Booker author Rohinton Mistry in Mumbai university row
Celebrated Indian-born author Rohinton Mistry has strongly objected to his book being dropped from the Mumbai University curriculum.
Such a Long Journey was withdrawn after the nationalist Shiv Sena party staged protests against its "derogatory" references to party members.
Mistry labelled the move "a sorry spectacle of book-burning".
The novel - shortlisted for the Booker Prize in 1991 - was on the university's second-year Bachelor of Arts syllabus.
A Shiv Sena official met the university's vice-chancellor and objected to the book, which was removed from the syllabus last month.
Many in the arts community - including noted documentary film-maker Anand Patwardhan - have strongly objected to the move which they say was implemented too hastily under the university's "emergency provision" rules.
University officials insist that they have followed the correct procedures before dropping the book which they say contains offensive language.
Shiv Sena has a reputation for taking a violent stand against events in Mumbai that it does not approve of.
The book is about Gustad Noble, a Parsi bank clerk struggling to provide for his family. It holds a mirror throughout his life of Mumbai in the early 1970s.
It contains observations about the Shiv Sena - sometimes in conversations and sometimes in narrative - which are none too complimentary about their politics.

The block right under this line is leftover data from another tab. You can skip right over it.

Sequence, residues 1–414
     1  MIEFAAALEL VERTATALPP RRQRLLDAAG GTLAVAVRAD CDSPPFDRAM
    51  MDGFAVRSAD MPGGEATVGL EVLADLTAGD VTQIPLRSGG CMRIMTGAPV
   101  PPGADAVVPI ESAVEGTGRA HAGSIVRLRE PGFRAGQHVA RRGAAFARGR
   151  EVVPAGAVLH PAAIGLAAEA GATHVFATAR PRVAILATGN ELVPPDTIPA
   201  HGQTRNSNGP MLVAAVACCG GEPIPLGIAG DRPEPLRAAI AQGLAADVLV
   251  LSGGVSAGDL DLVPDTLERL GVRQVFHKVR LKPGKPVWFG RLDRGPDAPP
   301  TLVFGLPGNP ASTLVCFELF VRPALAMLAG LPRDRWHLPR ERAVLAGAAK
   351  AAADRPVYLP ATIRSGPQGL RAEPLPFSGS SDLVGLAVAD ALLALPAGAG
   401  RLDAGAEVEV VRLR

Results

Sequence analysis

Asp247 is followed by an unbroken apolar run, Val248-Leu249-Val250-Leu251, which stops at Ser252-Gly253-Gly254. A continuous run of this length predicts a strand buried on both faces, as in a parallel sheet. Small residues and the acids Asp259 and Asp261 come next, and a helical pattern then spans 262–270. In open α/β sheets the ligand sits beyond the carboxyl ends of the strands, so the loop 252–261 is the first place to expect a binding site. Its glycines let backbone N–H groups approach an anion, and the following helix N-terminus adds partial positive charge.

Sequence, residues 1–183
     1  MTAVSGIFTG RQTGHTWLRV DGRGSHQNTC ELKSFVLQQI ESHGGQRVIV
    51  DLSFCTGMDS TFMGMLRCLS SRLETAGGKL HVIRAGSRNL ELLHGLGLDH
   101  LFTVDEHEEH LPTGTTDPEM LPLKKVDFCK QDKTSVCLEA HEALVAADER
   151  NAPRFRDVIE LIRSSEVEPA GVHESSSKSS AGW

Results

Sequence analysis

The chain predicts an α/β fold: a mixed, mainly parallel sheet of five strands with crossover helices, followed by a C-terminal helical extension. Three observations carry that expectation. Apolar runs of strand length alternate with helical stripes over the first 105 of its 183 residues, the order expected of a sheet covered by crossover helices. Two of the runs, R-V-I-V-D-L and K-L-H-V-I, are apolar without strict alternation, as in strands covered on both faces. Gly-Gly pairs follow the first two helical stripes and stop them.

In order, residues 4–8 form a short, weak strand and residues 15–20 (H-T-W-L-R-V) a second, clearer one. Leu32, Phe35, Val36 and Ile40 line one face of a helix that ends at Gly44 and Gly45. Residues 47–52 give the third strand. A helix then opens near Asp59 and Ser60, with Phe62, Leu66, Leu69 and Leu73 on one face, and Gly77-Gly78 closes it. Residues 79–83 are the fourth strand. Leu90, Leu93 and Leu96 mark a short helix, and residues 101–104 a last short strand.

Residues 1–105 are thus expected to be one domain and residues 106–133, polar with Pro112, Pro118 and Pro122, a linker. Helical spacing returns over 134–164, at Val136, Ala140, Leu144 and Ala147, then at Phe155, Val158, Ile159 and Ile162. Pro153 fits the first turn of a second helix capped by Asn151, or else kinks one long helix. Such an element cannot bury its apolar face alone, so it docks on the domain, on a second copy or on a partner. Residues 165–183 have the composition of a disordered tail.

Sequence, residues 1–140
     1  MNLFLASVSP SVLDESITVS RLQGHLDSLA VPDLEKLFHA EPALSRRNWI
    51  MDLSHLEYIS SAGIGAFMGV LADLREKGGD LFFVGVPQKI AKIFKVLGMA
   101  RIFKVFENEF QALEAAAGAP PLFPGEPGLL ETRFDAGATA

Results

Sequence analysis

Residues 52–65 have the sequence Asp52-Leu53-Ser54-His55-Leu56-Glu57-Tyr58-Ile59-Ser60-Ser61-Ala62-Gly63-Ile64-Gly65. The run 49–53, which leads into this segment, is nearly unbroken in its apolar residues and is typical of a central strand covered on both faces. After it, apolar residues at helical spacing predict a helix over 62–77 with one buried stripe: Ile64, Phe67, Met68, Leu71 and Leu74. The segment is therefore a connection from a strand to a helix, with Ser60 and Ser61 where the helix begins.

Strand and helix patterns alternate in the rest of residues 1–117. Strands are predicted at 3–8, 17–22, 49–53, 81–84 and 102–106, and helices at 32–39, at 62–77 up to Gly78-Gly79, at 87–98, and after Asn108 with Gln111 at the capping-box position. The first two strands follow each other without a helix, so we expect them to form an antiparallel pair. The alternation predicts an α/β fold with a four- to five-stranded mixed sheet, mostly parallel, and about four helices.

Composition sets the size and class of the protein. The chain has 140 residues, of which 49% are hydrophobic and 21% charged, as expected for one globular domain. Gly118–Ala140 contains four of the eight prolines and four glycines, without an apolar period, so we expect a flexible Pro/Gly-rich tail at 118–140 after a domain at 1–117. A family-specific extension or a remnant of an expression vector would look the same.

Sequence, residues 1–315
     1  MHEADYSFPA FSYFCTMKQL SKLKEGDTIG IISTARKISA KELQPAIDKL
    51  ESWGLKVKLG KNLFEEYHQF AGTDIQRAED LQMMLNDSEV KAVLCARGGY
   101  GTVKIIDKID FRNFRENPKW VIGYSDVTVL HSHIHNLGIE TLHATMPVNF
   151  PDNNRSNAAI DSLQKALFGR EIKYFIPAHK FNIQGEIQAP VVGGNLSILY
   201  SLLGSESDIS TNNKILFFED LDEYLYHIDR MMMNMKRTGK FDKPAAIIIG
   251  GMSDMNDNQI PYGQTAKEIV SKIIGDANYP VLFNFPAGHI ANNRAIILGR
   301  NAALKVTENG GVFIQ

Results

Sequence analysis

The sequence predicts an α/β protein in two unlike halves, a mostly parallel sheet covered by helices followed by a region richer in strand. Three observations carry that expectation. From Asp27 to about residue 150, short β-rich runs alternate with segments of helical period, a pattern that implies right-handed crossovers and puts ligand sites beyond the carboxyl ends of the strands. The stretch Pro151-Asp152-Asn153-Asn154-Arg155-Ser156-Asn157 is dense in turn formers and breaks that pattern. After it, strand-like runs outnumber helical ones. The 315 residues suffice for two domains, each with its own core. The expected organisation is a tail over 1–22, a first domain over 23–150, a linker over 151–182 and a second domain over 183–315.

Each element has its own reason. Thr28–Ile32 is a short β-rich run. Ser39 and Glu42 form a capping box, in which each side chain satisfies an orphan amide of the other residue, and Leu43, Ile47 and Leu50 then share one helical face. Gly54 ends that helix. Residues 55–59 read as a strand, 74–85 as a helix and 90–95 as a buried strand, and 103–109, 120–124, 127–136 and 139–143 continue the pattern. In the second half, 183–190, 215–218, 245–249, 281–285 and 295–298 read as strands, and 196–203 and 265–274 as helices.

The conversational language in the book is typically Parsi, laced with humour and expletives.
Reacting to the ban, Mistry - who is Canadian - criticised the vice chancellor for "succumbing to political pressure".
"In this sorry spectacle of book-burning and book-banning, the Shiv Sena has followed its depressingly familiar, tediously predictable script of threats and intimidation that Mumbai has endured since the organisation's founding in 1966," a statement released by the author said.
"More bobbing, weaving, and slippery behaviour is no doubt in the offing. But one thing remains: a political party demanded an immediate change in syllabus, and Mumbai University provided deluxe service via express delivery, making the book disappear the very next day."
However Maharashtra Chief Minister Ashok Chavan said he too felt that the language of the book was offensive.
Mr Chavan - like many other politicians who have spoken on the issue - said that he had not read the book in its entirety but had seen some passages.